Here at TSG we have tended to concentrate on Tibetan issues, partly because we feel that is our calling, and partly because those issues are relatively well-known in the West. What has become apparent over the last few years is that the plight of conquered Tibet is part of a larger political batleground, one which centres-around the ruthless expansionist policies of the Chinese Communist Party, and one which has involved countless other human-rights violations on a scale similar to those which we know of in Tibet.
More on this issue: Google and the Chinese Government (TechNewsWorld)
The equipment used to censor Chinese Internet-access is supplied mainly by American manufacturers - Sun, Nortel and Cisco being mentioned as sources. At a recent technology conference at the Hyatt Hotel in in Chicago, the Chinese Minister of Information, Wang Xudong, asked these and other firms to tender for very large and lucrative contracts involving this type of equipment, presumably with the aim of making the Internet-censorship event tighter still. These contracts could have a eventual value of several $billion.
New Scientist says:
Google has been blocked inside China since at least 2003. It also has emerged on that a second search engine Altavista is restricted. The action has come under criticism from western human rights groups and journalist's organisations. China's government routinely blocks access to news sites that host content they consider unacceptable, such as the BBC's news site. Web proxies including anonymizer.com and safeweb.com, which can be used to view pages on one site through another, are also blocked.
The CCP rely heavily on an intensive, carefully-managed system of propaganda to keep the Chinese public on their side. Much of this propaganda contains gross inaccuracies or deliberate misrepresentations of the facts, so as to avoid any developments whereby the Chinese people might have grounds for criticising their leaders' actions. (To see examples of such propaganda, visit any Chinese Embassy's website) This propaganda not only whitewashes the less-savoury deeds of PLA forces in regions like Tibet, or in mainland labour-camps, it also seeks to vilify and criminalise any persons or groups seen to be possible opponents to Marxist policies.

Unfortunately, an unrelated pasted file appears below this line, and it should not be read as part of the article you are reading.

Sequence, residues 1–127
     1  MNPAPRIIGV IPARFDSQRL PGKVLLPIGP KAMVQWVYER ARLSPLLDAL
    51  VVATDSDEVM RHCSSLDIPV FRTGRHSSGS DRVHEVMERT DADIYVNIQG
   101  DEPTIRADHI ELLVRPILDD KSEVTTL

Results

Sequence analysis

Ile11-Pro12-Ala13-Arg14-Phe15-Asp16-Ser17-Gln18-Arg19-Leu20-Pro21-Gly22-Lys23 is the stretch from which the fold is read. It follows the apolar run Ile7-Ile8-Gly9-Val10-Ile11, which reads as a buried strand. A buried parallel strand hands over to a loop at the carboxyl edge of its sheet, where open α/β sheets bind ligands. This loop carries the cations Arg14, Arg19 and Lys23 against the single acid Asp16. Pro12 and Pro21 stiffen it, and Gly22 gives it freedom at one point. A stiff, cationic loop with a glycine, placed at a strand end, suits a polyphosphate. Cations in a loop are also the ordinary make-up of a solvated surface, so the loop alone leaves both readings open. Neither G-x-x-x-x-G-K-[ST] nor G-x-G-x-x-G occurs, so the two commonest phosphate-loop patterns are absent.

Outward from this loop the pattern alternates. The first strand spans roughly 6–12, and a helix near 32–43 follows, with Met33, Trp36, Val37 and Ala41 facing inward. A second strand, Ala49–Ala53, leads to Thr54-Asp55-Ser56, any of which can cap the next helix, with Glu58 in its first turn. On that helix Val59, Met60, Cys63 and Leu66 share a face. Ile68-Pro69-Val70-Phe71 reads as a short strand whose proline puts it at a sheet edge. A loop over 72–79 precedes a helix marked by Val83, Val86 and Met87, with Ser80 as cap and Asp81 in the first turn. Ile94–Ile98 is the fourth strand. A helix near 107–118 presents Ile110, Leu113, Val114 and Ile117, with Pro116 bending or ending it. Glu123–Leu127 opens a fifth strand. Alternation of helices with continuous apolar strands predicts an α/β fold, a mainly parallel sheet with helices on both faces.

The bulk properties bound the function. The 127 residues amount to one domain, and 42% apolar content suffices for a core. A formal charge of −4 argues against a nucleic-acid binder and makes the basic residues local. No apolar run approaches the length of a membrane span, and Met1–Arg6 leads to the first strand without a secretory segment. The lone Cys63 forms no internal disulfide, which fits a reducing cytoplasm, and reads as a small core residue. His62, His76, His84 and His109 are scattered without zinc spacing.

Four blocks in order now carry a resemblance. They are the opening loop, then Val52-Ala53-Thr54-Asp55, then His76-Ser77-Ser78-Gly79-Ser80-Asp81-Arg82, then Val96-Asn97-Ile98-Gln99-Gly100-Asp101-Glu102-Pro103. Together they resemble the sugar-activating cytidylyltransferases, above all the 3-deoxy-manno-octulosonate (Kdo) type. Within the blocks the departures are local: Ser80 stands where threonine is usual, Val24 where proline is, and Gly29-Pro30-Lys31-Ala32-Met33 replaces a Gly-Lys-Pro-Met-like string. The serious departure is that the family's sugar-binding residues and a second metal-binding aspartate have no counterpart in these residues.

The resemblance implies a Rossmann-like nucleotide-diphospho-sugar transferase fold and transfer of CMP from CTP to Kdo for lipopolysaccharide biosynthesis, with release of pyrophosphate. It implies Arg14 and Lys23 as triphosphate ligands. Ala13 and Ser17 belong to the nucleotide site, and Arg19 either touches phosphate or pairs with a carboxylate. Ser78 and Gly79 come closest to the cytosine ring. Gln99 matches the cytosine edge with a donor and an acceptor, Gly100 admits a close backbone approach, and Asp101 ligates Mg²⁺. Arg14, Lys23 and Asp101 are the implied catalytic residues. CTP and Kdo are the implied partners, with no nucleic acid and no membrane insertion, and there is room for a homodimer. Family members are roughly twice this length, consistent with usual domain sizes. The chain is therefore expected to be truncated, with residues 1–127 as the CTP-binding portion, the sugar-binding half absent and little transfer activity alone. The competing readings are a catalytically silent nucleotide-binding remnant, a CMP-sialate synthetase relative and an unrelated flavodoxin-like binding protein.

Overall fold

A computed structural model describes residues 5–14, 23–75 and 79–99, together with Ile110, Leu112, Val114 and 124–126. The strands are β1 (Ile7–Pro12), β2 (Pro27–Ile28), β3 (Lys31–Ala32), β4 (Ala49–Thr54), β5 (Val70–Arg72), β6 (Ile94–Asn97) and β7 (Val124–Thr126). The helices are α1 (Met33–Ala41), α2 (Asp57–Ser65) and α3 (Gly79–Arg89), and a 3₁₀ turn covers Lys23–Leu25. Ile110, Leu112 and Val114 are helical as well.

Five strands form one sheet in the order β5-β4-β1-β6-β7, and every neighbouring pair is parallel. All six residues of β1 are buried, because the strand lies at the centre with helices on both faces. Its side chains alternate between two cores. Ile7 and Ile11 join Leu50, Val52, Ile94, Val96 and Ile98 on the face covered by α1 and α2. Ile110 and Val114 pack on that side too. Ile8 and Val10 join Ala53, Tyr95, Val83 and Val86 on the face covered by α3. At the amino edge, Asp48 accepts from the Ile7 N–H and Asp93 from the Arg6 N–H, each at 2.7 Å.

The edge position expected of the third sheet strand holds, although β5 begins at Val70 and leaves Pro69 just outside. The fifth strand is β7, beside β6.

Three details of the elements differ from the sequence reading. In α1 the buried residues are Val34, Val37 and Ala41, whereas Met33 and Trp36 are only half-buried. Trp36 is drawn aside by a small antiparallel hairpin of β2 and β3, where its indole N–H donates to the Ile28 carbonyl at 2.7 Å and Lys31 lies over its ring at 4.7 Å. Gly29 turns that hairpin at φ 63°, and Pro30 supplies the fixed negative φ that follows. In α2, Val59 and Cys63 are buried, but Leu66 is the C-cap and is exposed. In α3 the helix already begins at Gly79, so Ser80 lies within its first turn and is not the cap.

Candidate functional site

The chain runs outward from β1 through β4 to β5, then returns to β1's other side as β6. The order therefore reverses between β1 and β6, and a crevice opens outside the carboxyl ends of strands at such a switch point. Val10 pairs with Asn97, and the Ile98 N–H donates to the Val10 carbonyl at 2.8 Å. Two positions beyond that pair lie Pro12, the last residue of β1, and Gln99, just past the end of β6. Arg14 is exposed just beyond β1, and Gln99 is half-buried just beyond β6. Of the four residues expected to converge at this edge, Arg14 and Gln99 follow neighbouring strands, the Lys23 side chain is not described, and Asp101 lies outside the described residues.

An example of the successfulness of this propaganda is that many Chinese actually do believe that their country did Tibet a favour by ousting a "Mediaeval, superstitious, Imperialist" government and replacing it with one that gave the Tibetans "Modernisation" and progress. At the same time they have no idea what actually goes-on inside that conquered land, and most probably don't have the inclination to try and find-out.
The success of this propaganda-machine would be very-much diluted if Chinese citizens were able to read Western news-reports, and see that these differed substantially from the "Official" view of things. If that were to happen, not only would the people see the real truths which are obscured behind the propaganda, but they would also realise they their leaders are intentionally deceiving them. This would be an unthinkable blow to Marxist rule, one which must not be allowed to happen at any cost, hence the heavy censorship.
As one enlightened person recently put it, "The answer to the Tibetan problem will not be found in Tibet itself, but in the hearts and minds of the Chinese people." -That being quite likely true, the first stage of that process must surely be the lifting of the veil of deceit and misinformation from said people.
In view of the dark purpose this equipment will be put to, perhaps the companies involved in tendering for this contract should think a bit more carefully about what they're getting involved-in. Being a realist I'm sure they won't, that is unless someone puts pressure on them to place human suffering before profit!
Footnote: Wang Xudong is presently under a legal charge in connection with allegations of managing torture and brainwashing operations in his previous governmental capacities. That is the sort of person these companies are prepared to deal-with.
Harvard paper on Chinese Internet-filtering.